Monitor your network using whatever you like

In a previous blog post we showed how to use a single Flock Networks Router to monitor your entire network, using the OSPF Link State Database. In this blog post we demonstrate a technique to monitor your network, using the client, application and language of your choice.

Users of the Flock Networks Routing Suite have been telling us that they like the network status information being presented in a JSON format. However it is frustrating not being able to easily get that information off the router. Ethan Banks was kind enough to live stream his first use of the Flock Networks Routing Suite. Ethan talks about wanting a remote monitoring API here. We have listened to this feedback, and Flock Networks Routing Suite version 20.0.4 now implements a REST API.

The REST API returns a JSON payload inside HTTP. Combining these two widely used standards allows the API to talk to a huge variety of clients. The REST API is by design Read-Only, you can view the network state but cannot change it. In HTTP terms this means the only HTTP method that is supported is GET.

Monitor using a Router

Routers R02, R04 and R05 are Flock Network Routers. By using one router, say R05, you can monitor the others.

To see the local state we use the existing client connection. This is a local Unix Domain Socket delivering a JSON payload.

flock@R05:~$ flockrsc ribv4 --prefix

To see the remote state we just add a --host <host-name / host-ip> option to the command. This is a remote connection using HTTP delivering a JSON payload. The JSON payload has an identical format to the payload returned by the local command.

flock@R05:~$ flockrsc ribv4 --prefix --host R04

There is no summarization in this network, so we expect all routers to have the same routes in the RIB. We can check this using the same technique we used in the previous blog post. We store the information we expect to be identical into a text file, then compare the text files for each router.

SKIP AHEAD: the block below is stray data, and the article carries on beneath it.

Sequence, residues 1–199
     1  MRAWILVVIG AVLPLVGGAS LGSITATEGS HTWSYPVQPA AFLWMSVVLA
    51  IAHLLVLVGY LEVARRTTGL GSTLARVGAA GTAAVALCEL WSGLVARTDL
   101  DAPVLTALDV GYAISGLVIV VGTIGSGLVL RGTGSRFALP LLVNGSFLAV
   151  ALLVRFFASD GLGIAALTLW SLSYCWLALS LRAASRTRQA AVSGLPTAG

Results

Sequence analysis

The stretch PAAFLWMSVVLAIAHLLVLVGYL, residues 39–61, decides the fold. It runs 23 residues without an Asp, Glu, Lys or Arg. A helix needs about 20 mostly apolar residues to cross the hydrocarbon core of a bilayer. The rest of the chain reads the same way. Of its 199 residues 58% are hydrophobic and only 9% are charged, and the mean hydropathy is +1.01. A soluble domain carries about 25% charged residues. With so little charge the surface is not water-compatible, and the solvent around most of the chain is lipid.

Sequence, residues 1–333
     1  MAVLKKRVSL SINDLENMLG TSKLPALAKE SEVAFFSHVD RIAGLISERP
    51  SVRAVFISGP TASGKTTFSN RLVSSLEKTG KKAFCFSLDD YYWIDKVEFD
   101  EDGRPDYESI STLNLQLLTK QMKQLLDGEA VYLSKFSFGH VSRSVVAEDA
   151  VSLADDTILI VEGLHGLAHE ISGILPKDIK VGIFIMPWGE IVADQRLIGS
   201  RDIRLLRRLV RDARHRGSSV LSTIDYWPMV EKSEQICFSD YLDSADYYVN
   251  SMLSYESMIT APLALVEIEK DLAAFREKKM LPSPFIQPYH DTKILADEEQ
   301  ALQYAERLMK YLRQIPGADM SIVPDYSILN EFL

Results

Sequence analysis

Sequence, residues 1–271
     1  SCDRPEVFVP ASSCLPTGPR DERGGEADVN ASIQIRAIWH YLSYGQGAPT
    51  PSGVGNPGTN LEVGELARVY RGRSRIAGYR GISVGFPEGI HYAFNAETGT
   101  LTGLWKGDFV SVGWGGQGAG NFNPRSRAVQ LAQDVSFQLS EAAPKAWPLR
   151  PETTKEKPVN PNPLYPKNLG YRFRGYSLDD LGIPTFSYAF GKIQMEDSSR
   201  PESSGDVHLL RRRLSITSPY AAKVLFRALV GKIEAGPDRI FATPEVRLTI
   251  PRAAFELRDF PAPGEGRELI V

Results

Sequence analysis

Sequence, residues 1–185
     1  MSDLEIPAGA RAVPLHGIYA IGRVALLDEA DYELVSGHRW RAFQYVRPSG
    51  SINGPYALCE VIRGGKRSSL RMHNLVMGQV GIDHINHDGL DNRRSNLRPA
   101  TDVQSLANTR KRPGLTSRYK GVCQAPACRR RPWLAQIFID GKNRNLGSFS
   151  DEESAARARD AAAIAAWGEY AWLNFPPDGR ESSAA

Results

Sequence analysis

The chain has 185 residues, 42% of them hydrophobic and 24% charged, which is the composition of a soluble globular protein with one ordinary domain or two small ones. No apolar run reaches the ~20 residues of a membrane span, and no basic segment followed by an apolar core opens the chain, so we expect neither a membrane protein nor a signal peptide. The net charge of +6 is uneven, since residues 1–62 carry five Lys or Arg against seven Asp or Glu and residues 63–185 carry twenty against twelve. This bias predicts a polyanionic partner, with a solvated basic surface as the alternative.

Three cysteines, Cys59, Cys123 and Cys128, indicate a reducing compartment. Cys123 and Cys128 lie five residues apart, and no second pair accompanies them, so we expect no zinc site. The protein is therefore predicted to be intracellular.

flock@R05:~$ flockrsc ribv4 --prefix --json-pretty | grep ip_net > R05-rib.txt
flock@R05:~$ flockrsc ribv4 --prefix --json-pretty --host R04 | grep ip_net > R04-rib.txt
flock@R05:~$ diff R04-rib.txt R05-rib.txt

Monitor using a Host

We have converted R05 from a router into a host H05. A new L3 Network N07 has been installed connected to R02.

The Flock Networks Routing Suite client is now available on its own. We can convert R05 into a host by removing the Routing Suite Daemon and installing the Client package.

flock@R05:~$ sudo systemctl stop flockrsd
flock@R05:~$ sudo dpkg --purge flockrsd
(Reading database ... 27722 files and directories currently installed.)
Removing flockrsd (20.0.4) ...
Purging configuration files for flockrsd (20.0.4) ...
flock@R05:~$ sudo dpkg -i flockrsc_20.0.4_amd64.deb
Selecting previously unselected package flockrsc.
(Reading database ... 27717 files and directories currently installed.)
Preparing to unpack flockrsc_20.0.4_amd64.deb ...
Unpacking flockrsc (20.0.4) ...
Setting up flockrsc (20.0.4) ...

H05 is no longer running any routing code, but can still monitor the network using the REST API. Since we are now a host rather than a router, we need to add a default route via R03.

flock@H05:~$ sudo ip route add via dev enp1s0

Let’s check that the RIB’s in R02 and R04 are consistent.

flock@H05:~$ flockrsc ribv4 --prefix --json-pretty --host R02 | grep ip_net > R02-rib.txt
flock@H05:~$ flockrsc ribv4 --prefix --json-pretty --host R04 | grep ip_net > R04-rib.txt
flock@H05:~$ diff R02-rib.txt R04-rib.txt
<     "ip_net": "",

So R02 has the N07 subnet but R04 does not. It looks like the new network N07 might not be being advertised in OSPF. Let’s check which interfaces on R02 are enabled for OSPFv2.

flock@H05:~$ flockrsc ospfv2 --area 0 --intf --host R02

The interface connecting to N07 is not listed. Let’s check the newly live interface is in a good state (it probably is as we have already seen a RIB entry for it).

flock@H05:~$ flockrsc system --intf --host R02 | grep 10.0.7

Yes it is there, it’s name is “enp9s0” and it is Up. Let’s use ssh to look at the OSPFv2 config on R02.

    flock@H05:~$ ssh flock@R02 'cat /etc/flockrsd/ospfv2.toml'
    router_id = ""
    area_id = ""
    name = "enp1s0"
    name = "enp7s0"
    name = "enp8s0"

And yes, we are missing the entry for “enp9s0”. Let’s ssh over to R02 and correct the OSPFv2 configuration. After that we can run our original RIB consistency test again, and we should get no diffs.

flock@H05:~$ flockrsc ribv4 --prefix --json-pretty --host R02 | grep ip_net > R02-rib.txt
flock@H05:~$ flockrsc ribv4 --prefix --json-pretty --host R04 | grep ip_net > R04-rib.txt
flock@H05:~$ diff R02-rib.txt R04-rib.txt

Monitor using whatever you like

H05 has been swapped out for any host of your choice.